Knicks taking Hardaway Jr. with 24th pick may spell end for J.R.

By on June 28, 2013

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The Knicks select Tim Hardaway Jr. with the 24th overall pick.

Tim Hardaway is a name that was on the Knicks board as far back as the late 90’s. Of course, back then he was the enemy as the point guard of the hated Miami Heat.

Now, the Knicks are hoping Hardaway’s son can help them beat Miami.

The Knicks selected Michigan shooting guard Tim Hardaway Jr. with the 24th pick in Thursday’s NBA Draft. The pick of Hardaway is insurance if the club fails to re-sign J.R. Smith, who will become a free agent on July 1st. Smith has expressed a desire to return to the club but the Knicks may be unable to meet Smith’s financial demands.

The 6-foot-6 Hardaway, 21, averaged 14.5 as a junior for Michigan and helped the Wolverines reach the NCAA Championship game. He made 73 of 195 3-pointers as a junior and shot 44 percent overall. Hardaway’s father, an employee of the Heat, was a five-time All Star who played 14 NBA seasons.

The elder Hardaway was a central figure in the celebrated Knicks-Heat rivalry in the late 90’s. After Miami defeated the Knicks in the second round of the 1997 Playoffs, the Knicks eliminated the Heat over the next three seasons.

The Knicks had considered drafting a point guard and Isaiah Canaan was available, but they elected to go for a shooting guard. Gorgui Dieng, a forward from Louisville who was being considered by the Knicks, was selected 21st overall by Utah and then traded to the Minnesota. The Nets then selected Duke forward Mason Plumlee with the 22nd overall and Indiana took Arizona forward Solomon Hill 23rd.

That left San Diego State’s Jamaal Franklin, North Carolina’s Reggie Bullock and a couple of players of famous fathers, Hardaway Jr. and Glen Rice Jr. In the end, the Knicks went with the shooting guard and made it clear that they are not convinced that Smith will return.

The elder Hardaway is an enemy to Knicks fans, playing a central role in the Knicks-Heat rivalry of the late 90s.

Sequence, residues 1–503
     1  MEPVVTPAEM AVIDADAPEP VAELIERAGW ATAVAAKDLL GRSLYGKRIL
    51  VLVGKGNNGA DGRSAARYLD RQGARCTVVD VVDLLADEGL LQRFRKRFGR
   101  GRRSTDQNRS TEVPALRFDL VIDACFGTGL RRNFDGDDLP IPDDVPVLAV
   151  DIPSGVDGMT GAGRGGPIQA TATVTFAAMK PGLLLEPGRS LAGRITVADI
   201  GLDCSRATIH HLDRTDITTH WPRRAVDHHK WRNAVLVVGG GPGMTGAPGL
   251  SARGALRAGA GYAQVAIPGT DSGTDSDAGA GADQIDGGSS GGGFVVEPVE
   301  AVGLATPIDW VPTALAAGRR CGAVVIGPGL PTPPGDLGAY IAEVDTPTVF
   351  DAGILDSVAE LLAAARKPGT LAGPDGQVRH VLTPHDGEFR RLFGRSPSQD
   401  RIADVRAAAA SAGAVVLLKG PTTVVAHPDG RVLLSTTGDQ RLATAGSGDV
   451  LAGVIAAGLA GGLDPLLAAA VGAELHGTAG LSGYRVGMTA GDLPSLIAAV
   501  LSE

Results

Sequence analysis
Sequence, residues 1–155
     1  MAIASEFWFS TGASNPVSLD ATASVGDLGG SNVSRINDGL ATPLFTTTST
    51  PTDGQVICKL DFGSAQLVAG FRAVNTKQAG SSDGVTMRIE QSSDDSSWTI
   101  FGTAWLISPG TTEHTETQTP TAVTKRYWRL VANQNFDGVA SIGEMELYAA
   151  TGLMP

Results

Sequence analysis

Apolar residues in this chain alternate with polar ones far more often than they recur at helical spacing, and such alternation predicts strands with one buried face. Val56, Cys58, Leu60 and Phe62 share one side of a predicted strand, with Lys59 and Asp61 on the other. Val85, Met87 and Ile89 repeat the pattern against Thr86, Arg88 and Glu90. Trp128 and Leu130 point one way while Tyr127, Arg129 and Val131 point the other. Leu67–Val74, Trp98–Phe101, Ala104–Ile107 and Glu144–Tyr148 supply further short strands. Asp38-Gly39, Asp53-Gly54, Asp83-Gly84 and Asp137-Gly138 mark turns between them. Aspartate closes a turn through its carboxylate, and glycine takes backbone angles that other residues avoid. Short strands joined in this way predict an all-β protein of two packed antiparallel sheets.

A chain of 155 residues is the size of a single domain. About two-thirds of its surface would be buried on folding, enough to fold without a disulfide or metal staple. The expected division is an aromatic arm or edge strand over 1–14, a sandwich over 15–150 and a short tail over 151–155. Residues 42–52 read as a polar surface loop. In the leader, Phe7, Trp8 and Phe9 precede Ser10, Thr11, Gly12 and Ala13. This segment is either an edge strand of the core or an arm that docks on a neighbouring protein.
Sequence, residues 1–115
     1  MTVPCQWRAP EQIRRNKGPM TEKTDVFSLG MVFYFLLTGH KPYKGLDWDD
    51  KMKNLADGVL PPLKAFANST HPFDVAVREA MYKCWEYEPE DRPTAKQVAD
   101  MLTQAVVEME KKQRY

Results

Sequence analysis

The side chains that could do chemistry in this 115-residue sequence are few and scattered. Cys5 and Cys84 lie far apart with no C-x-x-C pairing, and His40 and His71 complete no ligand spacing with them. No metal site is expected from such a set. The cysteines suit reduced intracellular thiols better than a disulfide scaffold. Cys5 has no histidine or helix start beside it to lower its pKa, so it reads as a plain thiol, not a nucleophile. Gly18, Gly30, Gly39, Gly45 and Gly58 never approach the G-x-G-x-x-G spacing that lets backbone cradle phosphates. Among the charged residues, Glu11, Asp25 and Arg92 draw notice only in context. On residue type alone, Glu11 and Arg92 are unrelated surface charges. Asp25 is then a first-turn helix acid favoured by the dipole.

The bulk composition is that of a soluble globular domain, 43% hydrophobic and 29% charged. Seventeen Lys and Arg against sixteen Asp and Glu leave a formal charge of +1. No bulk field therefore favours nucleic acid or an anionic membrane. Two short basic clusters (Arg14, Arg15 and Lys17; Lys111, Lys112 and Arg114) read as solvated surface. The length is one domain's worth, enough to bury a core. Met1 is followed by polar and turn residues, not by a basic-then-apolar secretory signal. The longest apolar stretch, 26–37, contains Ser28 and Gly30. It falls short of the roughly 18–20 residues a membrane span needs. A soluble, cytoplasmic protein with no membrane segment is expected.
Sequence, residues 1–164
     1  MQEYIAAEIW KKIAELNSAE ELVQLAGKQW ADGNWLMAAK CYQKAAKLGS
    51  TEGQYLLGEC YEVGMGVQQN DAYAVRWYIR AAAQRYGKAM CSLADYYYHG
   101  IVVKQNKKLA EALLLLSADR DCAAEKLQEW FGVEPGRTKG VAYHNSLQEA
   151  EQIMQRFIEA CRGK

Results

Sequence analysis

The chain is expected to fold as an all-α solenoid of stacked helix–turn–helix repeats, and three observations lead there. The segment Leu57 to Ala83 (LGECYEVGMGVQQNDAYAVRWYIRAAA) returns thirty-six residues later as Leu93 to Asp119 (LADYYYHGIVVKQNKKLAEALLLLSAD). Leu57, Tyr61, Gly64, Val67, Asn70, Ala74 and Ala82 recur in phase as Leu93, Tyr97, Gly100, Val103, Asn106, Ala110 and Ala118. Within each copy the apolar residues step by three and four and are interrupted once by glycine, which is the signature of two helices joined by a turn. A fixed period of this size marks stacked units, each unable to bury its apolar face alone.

The elder Hardaway is an enemy to Knicks fans, playing a central role in the Knicks-Heat rivalry of the late 90s.


Rasheed Wallace could be returning to the Detroit Pistons as an assistant coach. According to a Knicks source, Wallace has been in talks with Pistons coach Maurice Cheeks about joining his staff.

Wallace retired last April after one injury filled season with the Knicks. Mike Woodson had coaxed Wallace out of semi-retirement after the veteran forward had sat out the previous two seasons. But Wallace suffered a broken foot in December that required surgery. He returned for one game in April before announcing his retirement. Wallace stayed with the club throughout their playoff run, serving as a coach.


Carmelo Anthony told reporters on Thursday that his left shoulder is improving and he remains hopeful that he won’t need surgery.

The Daily News reported last month that Anthony played with a partially torn labrum over the final five weeks of the season. The plan has been for Anthony to receive daily treatment with the hope that the injury will heal on its own.

Surgery is unlikely since it could sideline him for up to three months.

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